FILE PHOTO: Spain's Economy Minister Luis de Guindos speaks during a news conference after the weekly cabinet meeting at Moncloa Palace in Madrid, Spain March 31, 2017. REUTERS/Sergio Perez/File Photo
Luis de Guindos © Reuters

Luis de Guindos will become vice-president of the European Central Bank, handing Madrid one of the eurozone’s most senior policymaking jobs and kicking off a shake-up of senior personnel in Frankfurt over the next 18 months.

Mr de Guindos, Spain’s economy minister and a former Lehman Brothers banker, was the only candidate in the race after Ireland said on Monday it would withdraw Philip Lane, its central bank governor, from the contest. 

The decision, taken during a meeting of finance ministers in Brussels, means the Spanish minister, who has no previous monetary policy experience, will replace Vitor Constâncio when the Portuguese’s eight-year term ends in May. 

The appointment of Mr de Guindos is the first out of four vacancies on the central bank’s six-member executive board over the next year-and-a-half, including the role of president and chief economist. 

Top ECB jobs are usually given out according to national lobbying and geographic considerations among the euro-area’s 19 member states. Spain securing the vice-presidency slot increases the likelihood of a northern European member state landing the presidency, which is currently held by Mario Draghi and is due to be filled by October next year. Jens Weidmann, Germany’s central bank governor, is among the rumoured candidates eyeing the top job. 

Mr de Guindos said on Monday that his appointment was a sign of how Spain had “recovered much prestige” in monetary policymaking circles since the depths of the financial crisis in 2012, when the country lost its seat on the ECB executive board.

“Spain can contribute a lot” to Europe, he said, adding that the vice-presidency was “an important post”.

Asked about whether he was qualified for the job, Mr de Guindos said that “to have a diversity of profiles on the board of the ECB is going to be extremely relevant.”

He insisted his appointment was not linked to any deal about who may secure the presidency of the ECB, saying that “there is not conditionality attached at all.”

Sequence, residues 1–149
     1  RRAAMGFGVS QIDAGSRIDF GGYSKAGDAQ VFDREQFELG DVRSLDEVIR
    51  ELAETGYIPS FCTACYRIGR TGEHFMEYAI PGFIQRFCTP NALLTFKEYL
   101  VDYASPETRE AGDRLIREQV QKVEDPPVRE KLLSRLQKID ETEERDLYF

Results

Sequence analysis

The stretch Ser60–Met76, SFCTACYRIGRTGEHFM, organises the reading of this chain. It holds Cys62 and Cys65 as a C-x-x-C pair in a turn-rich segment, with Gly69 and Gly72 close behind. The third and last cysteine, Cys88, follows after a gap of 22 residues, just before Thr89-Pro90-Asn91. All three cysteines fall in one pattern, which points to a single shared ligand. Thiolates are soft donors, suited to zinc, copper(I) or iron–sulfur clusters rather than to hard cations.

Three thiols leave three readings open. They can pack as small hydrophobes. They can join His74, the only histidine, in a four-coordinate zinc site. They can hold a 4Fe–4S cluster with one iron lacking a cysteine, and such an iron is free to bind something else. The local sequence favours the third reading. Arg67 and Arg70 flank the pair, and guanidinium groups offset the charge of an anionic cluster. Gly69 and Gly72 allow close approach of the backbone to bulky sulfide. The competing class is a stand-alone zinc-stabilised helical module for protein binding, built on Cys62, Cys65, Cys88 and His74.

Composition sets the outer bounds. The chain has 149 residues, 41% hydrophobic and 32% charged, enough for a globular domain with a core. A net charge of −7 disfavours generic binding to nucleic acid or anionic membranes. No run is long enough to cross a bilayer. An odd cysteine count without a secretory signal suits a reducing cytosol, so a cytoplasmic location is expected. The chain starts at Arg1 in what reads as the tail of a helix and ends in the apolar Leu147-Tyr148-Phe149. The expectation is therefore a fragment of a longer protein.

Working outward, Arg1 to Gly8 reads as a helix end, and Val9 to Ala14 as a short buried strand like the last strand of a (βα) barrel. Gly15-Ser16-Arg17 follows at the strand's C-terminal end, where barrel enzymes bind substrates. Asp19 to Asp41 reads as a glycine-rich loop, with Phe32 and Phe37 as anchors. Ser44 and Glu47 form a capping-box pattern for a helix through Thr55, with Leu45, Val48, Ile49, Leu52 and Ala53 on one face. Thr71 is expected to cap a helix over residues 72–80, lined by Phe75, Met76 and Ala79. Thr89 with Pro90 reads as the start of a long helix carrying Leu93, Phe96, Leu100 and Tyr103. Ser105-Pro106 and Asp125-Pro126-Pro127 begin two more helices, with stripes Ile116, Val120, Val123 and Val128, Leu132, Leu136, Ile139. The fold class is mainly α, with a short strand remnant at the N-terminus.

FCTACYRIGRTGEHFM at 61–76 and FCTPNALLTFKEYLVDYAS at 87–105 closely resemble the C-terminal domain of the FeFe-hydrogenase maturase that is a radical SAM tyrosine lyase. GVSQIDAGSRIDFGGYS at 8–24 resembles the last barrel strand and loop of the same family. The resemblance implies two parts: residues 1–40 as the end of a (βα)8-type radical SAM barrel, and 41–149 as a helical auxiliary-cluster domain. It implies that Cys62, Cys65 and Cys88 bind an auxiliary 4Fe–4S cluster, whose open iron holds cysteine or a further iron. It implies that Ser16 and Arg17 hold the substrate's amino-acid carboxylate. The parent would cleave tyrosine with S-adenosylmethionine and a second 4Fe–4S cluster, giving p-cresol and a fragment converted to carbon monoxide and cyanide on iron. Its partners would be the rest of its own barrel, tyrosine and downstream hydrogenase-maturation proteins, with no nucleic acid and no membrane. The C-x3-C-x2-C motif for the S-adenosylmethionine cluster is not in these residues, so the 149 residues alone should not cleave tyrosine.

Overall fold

Ireland’s decision not to push the matter to a vote effectively keeps Dublin’s powder dry with Mr Lane likely to be eyeing the role of chief economist, currently held by Belgium’s Peter Praet. 

Paschal Donohoe, Ireland’s finance minister, said Mr Lane had received support from other EU capitals, but Dublin had chosen not to pursue the candidacy any further because it was “very important . . . that the decision be made on the basis of consensus”. 

Had there been multiple candidates, the finance ministers would have needed to chose one to formally recommend to EU leaders to be rubber-stamped in March. 

The selection of a new vice-president “should not be a source for any disagreement”, Mr Donohoe said. 

Mr de Guindos has long been the frontrunner for the post despite never working in a central bank. Mariano Rajoy, Spain’s prime minister, has lobbied for months for him to be nominated for the role. Spain has been without a seat on the ECB’s six-person executive board since 2012 despite being the eurozone’s fourth-largest economy. 

Members of the European Parliament last week expressed reservations about Mr de Guindos, who has been Spain’s economy minister since 2011. Roberto Gualtieri, the head of the parliament’s influential economic and monetary affairs committee, said that Mr Lane had been the “more convincing” of the two candidates during an informal hearing with MEPs last week. 

Officials at the Frankfurt-based ECB are also known to be less than enthusiastic about the appointment, with Mr Lane being highly rated by his fellow central bank governors. 

But the parliament has no binding role in appointments at the ECB, which has fed criticisms that the central bank is undemocratic.

“While transparent in the sense that it was predictable, the ECB is supposedly accountable mainly to the European Parliament and EU member states. It is intriguing therefore that it is up to the eurogroup to ‘elect’ somebody who was not in fact endorsed by the economic and monetary affairs committee in the parliament,” said Leo Hoffmann-Axthelm, a research and advocacy co-ordinator at Transparency International.

Get alerts on European Central Bank when a new story is published

Copyright The Financial Times Limited 2019. All rights reserved.
Reuse this content (opens in new window)

Follow the topics in this article